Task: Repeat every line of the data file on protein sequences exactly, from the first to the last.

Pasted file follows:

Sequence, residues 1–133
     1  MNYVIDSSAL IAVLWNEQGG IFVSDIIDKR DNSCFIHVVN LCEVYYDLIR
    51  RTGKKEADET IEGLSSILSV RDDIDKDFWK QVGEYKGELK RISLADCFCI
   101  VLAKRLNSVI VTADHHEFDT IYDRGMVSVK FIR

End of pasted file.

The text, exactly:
Sequence, residues 1–133
     1  MNYVIDSSAL IAVLWNEQGG IFVSDIIDKR DNSCFIHVVN LCEVYYDLIR
    51  RTGKKEADET IEGLSSILSV RDDIDKDFWK QVGEYKGELK RISLADCFCI
   101  VLAKRLNSVI VTADHHEFDT IYDRGMVSVK FIR